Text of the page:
The late civil rights icon and longtime Georgia congressman broke ground in his actions and words. Here are some of the most memorable ones.
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The country lost a civil rights giant last week when 17-term Georgia congressman and decades-long freedom fighter John Lewis succumbed to pancreatic cancer at the age of 80. Lewis, who was an ally of Martin Luther King, Jr. and marched with him across the Edmund Pettis Bridge in Selma, Alabama in 1965 as part of a historic statewide protest against racial injustice and inequity, was carried across that same bridge this past weekend, his coffin draped in the American flag and transported via horse-drawn caisson. His body was then brought to Washington, D.C., where it will lie in state at the U.S. Capitol through tomorrow before being delivered to Atlanta on Thursday for a final funeral and burial.
The Alabama native and fierce champion of equality remained righteous till the end, notably leading a sit-in on the floor of the House of Representatives in 2016 to urge for gun-control measures. It’s impossible to distill Lewis’s leadership down to any essential handful of quotes, be they written or orated. But in the interest of paying tribute to an individual whose commitment to his convictions helped galvanize a groundswell of systemic change, here are five sentiments uttered throughout the late John Lewis’s public life that are emblematic of his sense of fairness and ceaseless calls to action.
March on Washington, August 28, 1963
“We will march with the spirit of love and with the spirit of dignity that we have shown here today. By the force of our demands, our determination, and our numbers, we shall splinter the segregated South into a thousand pieces and put them together in the image of God and democracy. We must say: ‘Wake up America! Wake up!’ For we cannot stop, and we will not and cannot be patient.” (Via Voices of Democracy)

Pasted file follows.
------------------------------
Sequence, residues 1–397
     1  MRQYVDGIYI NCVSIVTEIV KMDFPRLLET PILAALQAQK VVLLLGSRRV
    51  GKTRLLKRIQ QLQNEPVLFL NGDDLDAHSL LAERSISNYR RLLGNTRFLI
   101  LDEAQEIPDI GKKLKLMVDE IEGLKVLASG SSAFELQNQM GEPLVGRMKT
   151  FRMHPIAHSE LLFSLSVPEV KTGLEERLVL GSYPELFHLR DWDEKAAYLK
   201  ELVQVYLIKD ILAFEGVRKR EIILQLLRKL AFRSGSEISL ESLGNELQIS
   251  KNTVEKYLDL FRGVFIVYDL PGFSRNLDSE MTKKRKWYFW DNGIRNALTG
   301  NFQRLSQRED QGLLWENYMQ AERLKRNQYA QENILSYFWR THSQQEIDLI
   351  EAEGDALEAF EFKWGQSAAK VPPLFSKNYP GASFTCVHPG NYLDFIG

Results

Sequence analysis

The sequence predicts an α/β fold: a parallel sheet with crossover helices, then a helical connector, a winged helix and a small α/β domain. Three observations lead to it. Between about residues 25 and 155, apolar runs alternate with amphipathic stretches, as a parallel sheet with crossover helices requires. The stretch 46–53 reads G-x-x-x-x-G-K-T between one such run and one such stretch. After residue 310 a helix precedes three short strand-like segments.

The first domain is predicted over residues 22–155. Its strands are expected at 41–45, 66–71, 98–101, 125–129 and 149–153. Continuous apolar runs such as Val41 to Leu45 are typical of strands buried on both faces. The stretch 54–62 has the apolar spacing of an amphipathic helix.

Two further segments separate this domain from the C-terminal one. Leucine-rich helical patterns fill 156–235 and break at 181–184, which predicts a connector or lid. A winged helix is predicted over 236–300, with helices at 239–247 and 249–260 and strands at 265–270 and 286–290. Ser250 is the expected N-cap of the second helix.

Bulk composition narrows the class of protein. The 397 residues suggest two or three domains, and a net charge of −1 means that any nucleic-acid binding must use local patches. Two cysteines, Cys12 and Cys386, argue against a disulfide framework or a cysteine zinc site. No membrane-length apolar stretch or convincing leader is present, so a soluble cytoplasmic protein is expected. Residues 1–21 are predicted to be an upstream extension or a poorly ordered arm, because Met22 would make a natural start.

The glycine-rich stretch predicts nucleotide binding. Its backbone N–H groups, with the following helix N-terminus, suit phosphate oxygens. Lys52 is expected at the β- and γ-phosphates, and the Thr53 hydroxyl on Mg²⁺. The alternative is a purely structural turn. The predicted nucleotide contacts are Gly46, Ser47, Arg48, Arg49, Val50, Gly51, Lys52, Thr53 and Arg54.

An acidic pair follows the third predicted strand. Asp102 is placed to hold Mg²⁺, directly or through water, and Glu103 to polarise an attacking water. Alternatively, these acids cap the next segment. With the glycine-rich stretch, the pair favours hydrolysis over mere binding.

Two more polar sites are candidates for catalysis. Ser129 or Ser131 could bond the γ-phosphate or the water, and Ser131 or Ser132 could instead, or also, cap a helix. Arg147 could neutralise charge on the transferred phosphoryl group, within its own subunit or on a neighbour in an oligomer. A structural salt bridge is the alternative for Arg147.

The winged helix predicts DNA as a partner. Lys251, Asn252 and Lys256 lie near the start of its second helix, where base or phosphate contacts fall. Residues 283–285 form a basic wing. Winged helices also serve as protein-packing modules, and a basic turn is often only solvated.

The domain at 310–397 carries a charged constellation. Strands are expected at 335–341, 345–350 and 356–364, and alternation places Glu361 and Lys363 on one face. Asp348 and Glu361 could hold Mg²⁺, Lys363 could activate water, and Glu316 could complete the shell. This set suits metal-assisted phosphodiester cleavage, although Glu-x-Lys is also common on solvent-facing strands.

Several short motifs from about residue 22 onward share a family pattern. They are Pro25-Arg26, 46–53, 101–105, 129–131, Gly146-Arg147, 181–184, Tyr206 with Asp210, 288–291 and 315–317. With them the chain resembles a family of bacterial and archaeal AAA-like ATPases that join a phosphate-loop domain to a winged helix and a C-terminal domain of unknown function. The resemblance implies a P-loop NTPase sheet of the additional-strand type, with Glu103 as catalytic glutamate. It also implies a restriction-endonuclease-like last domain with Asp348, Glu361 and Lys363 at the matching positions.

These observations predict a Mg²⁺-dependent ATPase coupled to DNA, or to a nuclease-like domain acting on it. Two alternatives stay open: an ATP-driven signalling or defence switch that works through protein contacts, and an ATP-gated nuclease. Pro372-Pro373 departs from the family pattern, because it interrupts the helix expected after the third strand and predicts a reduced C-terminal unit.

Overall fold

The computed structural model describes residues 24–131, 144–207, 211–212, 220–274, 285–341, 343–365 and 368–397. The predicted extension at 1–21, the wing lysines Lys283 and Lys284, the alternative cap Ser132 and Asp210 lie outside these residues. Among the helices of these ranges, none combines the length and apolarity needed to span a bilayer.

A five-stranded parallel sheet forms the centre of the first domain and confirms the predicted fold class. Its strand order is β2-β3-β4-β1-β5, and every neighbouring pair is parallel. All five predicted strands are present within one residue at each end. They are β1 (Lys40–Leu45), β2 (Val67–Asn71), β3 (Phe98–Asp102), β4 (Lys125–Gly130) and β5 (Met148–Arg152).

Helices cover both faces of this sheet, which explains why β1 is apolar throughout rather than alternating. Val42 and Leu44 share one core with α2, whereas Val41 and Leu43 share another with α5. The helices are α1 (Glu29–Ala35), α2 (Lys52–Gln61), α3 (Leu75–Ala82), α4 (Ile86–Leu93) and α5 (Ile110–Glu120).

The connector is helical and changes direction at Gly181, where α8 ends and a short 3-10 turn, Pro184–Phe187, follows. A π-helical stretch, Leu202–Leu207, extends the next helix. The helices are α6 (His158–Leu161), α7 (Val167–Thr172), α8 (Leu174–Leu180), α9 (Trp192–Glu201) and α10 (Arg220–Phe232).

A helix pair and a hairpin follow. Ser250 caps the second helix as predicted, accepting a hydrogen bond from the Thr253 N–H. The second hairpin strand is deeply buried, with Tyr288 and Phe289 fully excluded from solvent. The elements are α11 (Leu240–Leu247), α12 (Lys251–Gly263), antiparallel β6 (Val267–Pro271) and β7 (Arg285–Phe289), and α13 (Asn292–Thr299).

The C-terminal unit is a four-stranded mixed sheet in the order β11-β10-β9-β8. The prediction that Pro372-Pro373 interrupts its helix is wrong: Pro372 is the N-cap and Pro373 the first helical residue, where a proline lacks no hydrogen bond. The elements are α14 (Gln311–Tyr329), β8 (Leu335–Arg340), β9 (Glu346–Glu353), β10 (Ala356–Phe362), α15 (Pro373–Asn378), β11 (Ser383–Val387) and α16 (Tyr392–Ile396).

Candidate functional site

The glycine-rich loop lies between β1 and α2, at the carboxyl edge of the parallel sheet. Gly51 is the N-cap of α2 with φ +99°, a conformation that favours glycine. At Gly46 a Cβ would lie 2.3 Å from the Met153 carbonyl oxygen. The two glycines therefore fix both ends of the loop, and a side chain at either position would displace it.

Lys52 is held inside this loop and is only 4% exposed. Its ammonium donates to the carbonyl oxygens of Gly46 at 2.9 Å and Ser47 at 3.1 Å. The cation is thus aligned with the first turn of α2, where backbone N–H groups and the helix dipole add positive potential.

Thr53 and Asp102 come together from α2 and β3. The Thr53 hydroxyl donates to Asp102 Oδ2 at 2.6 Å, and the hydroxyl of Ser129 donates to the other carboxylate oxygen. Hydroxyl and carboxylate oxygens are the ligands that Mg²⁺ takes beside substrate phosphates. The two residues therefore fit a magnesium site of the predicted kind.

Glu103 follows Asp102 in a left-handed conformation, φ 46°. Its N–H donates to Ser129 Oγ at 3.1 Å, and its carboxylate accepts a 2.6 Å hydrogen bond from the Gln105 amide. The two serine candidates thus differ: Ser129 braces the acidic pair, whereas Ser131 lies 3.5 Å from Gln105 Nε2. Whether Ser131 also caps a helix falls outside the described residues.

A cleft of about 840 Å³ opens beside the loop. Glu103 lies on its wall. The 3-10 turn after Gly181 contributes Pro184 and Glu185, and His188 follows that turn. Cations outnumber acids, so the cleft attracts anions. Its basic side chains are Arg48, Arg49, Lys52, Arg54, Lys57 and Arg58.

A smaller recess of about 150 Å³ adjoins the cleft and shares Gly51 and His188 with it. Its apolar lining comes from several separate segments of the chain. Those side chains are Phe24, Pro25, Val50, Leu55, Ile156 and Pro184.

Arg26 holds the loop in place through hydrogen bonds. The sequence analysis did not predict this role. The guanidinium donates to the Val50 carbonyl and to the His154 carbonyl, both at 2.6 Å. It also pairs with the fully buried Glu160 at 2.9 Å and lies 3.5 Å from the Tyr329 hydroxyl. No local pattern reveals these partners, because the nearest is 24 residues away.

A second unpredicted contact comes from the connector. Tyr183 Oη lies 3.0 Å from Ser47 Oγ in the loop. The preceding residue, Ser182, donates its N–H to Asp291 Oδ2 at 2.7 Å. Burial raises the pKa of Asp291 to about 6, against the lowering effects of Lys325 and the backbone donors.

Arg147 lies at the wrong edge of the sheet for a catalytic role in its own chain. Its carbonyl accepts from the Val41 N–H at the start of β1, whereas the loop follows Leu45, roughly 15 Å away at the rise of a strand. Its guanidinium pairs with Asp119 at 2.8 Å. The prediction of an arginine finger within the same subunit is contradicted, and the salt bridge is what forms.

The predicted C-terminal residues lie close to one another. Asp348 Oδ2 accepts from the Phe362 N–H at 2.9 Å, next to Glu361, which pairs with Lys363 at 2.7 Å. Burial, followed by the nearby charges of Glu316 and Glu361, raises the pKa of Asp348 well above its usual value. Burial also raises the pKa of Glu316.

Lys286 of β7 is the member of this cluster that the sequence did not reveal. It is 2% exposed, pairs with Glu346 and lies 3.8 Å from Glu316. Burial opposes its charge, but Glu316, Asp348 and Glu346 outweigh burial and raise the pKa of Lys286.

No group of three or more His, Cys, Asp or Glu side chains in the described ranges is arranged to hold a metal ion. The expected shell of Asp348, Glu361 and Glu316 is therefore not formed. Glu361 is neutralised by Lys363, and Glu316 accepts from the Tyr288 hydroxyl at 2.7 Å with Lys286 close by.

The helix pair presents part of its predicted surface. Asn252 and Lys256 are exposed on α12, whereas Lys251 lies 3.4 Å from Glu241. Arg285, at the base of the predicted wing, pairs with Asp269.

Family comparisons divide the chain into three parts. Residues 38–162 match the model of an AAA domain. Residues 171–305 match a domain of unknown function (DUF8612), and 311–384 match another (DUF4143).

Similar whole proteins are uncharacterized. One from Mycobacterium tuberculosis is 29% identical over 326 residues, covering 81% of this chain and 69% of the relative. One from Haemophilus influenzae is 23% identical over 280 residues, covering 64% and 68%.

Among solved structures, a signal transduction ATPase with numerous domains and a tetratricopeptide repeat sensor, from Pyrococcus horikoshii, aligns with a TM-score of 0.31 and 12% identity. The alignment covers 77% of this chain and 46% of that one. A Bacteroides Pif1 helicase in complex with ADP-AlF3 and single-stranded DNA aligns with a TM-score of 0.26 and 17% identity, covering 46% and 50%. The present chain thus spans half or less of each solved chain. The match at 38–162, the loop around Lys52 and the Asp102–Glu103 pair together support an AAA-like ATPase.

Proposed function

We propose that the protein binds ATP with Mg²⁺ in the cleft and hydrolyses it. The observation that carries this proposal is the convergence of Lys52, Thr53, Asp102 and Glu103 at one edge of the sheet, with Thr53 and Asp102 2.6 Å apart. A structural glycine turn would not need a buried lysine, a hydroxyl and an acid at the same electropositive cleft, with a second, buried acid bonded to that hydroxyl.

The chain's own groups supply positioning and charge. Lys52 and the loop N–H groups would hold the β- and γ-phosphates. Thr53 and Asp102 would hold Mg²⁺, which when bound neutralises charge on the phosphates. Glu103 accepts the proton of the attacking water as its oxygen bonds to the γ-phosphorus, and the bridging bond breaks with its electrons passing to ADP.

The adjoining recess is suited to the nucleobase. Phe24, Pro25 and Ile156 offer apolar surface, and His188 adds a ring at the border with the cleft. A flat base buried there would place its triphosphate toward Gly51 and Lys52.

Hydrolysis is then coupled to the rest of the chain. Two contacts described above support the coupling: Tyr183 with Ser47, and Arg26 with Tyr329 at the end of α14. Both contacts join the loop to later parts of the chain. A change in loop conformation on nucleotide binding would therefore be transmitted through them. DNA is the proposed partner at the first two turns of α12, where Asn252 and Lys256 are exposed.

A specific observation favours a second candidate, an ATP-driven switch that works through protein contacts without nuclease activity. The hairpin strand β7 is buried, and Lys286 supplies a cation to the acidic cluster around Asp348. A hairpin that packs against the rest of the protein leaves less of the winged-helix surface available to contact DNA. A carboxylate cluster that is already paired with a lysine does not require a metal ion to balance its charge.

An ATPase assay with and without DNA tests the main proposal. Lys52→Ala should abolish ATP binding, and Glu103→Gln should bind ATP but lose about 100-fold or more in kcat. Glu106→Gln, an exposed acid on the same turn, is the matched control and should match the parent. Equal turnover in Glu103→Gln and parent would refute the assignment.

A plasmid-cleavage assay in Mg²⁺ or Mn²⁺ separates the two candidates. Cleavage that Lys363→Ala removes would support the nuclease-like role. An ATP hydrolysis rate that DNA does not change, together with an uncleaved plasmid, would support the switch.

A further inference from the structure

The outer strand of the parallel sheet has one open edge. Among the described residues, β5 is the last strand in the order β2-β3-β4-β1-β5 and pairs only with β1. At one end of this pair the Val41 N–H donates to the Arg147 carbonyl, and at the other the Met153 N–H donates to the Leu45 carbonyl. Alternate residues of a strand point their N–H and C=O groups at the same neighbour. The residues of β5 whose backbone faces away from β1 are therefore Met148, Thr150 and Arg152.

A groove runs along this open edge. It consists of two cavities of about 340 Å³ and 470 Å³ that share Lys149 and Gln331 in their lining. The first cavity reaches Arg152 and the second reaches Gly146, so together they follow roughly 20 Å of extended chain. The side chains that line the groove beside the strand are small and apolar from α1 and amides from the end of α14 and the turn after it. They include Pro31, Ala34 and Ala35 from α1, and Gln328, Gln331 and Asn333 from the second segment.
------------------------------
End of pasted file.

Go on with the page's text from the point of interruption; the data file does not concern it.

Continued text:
“One group of people who helped us find our own courage in these communities were the local women, the matriarchal heads of so many of these households. Over and over again, we found that it was these women — wives and mothers in their 40s and 50s, hardworking, humorous, no-nonsense, incredibly resilient women who had carried such an unimaginable weight through their own lives and had been through so much unspeakable hell that there was nothing left on this earth for them to be afraid of — who showed us the way to mobilize in the towns and communities where they lived. No one was more ready, eager and willing to climb on the Freedom Riders Train in these little towns and on these little farms than the women.”
CARE 2015 National Conference, May 21, 2015
“When I was growing up in rural Alabama, 50 miles from Montgomery, outside of a little town called Troy, I would see those signs that said ‘white waiting,’ ‘colored waiting,’ ‘white men,’ ‘colored men,’ ‘white women,’ ‘colored women.’ I asked my mother, my father, my grandparents, my great-grandparents, ‘Why?’ And they said, ‘That’s the way it is. Don’t get in the way. Don’t get in trouble.’ But I was inspired to get in the way, to get in trouble.”(Via CARE/YouTube)
Sit-In on Floor of House of Representatives, June 22, 2016
“We have lost hundreds and thousands of innocent people to gun violence…. We have turned deaf ears to the blood of the innocent and the concern of our nation…. Newtown, Aurora, Charleston, Orlando. What is the tipping point?… Give us a vote! Let us vote! We came here to do our job. We came here to work.” (Via AP/YouTube)
“We must never ever give up, or give in or throw in the towel. We must continue to press on! And be prepared to do what we can to help educate people, to motivate people, to inspire people to stay engaged, to stay involved and to not lose their sense of hope. We must continue to say we’re one people. We’re one family. We all live in the same house. Not just an American house but the world house. As Dr. King said over and over again, ‘We must learn to live together as brothers and sisters. If not, we will perish as fools.’”